What Is A Topographical Map

Maps have been used as guides for travelers since humans first ventured out into the world and recorded where they were and where they had been. Since the first rudimentary maps, others have found ways to use maps to show the stars, the sea and the contours, or topography, of the land.


Topographical maps define the geographical and man-made features of an area. They show the elevations of natural features like buttes and mountains, and the horizontal distances between features. Topographical maps aren’t confined to natural features. They can chart buildings, parks and residential areas. Pilots and architects use these kinds of maps.


The first known series of topographical maps was the “Carte geometrique de la France,” completed in 1789. Topographical maps became the purview of the military; knowledge of elevations and distances offered on such maps were of great assistance in planning battle strategies. The maps evolved into tools for planning infrastructure for urban growth and exploitation of natural resources. One of the many functions of the United States Geological Survey, established in 1879, was to produce topographical maps.


Topographical maps have the distinct feature of being drawn using contour lines to represent elevations and shapes of an area. Successive lines, beginning with the elevation of some foothills, for example, would represent the various elevations of a mountain range. The lines would come full circle, but would not necessarily be circular in shape. Rather, they would represent the overall shape of the mountain range as viewed from above.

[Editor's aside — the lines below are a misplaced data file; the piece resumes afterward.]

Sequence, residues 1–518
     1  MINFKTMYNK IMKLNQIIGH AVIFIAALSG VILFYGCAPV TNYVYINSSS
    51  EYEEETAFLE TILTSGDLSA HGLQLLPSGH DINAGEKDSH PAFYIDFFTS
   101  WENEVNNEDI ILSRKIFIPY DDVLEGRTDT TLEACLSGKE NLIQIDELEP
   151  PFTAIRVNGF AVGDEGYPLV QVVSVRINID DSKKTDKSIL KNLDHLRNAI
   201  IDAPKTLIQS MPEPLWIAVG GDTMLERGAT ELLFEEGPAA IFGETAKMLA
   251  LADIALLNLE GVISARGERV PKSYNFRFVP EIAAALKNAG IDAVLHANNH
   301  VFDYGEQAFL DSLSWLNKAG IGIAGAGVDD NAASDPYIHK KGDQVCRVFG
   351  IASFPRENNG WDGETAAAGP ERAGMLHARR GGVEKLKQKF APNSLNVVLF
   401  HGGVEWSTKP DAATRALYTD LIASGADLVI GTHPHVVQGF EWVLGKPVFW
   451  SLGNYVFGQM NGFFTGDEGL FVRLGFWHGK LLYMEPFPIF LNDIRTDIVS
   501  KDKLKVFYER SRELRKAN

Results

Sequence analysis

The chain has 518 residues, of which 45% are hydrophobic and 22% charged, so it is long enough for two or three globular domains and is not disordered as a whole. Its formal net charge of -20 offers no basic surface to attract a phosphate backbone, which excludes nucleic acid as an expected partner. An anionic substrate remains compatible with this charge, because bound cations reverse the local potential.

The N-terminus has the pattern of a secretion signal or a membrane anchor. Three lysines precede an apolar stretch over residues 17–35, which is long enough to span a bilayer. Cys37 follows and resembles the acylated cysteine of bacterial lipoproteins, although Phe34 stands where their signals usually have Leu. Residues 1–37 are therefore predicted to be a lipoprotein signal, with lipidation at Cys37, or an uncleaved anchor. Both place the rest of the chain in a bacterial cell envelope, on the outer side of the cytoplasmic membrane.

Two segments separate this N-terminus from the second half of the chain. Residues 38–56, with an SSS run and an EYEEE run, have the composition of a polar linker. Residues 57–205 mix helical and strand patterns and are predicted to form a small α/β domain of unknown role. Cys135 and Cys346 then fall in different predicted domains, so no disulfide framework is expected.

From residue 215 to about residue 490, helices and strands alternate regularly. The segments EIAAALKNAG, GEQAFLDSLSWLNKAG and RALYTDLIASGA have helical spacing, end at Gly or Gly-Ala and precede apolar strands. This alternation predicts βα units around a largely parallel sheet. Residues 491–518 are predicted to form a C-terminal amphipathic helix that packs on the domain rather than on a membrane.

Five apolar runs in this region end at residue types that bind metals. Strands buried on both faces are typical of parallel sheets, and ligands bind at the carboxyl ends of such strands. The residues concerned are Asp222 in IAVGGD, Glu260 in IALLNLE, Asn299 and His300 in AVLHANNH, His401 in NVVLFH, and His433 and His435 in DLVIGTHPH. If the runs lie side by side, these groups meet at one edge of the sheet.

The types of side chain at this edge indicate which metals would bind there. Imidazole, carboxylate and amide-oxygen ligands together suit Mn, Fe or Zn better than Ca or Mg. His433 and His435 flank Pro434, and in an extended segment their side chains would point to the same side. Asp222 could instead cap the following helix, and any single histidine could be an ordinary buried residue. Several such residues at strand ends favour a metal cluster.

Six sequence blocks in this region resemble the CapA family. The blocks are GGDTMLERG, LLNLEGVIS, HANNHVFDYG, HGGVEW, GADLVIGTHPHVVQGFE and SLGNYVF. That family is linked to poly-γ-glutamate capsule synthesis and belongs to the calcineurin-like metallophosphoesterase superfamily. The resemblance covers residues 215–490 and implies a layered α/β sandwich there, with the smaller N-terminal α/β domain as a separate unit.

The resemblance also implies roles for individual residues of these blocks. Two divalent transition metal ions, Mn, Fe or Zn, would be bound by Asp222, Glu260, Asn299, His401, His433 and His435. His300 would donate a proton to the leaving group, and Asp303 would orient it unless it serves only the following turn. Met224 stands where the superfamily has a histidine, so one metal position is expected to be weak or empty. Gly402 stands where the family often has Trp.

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To represent a three-dimensional world on a two-dimensional surface, the topographical map includes not only contour lines and the subsequent polygonal shapes, but points as well. Points depict features such as buildings and bridges. Lines are used to represent railways, roads and rivers. These lines do not come full circle, as they represent linear features of an area.


A three-dimensional topographical map is likely to be, in contemporary times, a computer-generated image. The depiction includes the physical projections of the topographical features. However, it is possible to “build” a three-dimensional topographical map. These feature scale modeling of the features that adhere to a flat surface or globe shape.